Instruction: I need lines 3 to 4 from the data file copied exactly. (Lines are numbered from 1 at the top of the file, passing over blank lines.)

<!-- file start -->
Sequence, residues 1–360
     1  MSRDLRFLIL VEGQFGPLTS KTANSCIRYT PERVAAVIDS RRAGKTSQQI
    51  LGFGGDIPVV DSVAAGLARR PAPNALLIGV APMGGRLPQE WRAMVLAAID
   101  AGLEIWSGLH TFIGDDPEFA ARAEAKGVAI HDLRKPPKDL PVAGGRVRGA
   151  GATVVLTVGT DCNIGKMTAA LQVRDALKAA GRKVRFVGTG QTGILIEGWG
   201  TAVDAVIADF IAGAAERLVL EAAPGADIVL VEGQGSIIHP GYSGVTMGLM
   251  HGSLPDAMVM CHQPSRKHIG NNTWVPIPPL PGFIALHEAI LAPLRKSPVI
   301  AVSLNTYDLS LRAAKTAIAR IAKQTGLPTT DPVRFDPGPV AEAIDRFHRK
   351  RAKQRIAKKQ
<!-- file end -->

    51  LGFGGDIPVV DSVAAGLARR PAPNALLIGV APMGGRLPQE WRAMVLAAID
   101  AGLEIWSGLH TFIGDDPEFA ARAEAKGVAI HDLRKPPKDL PVAGGRVRGA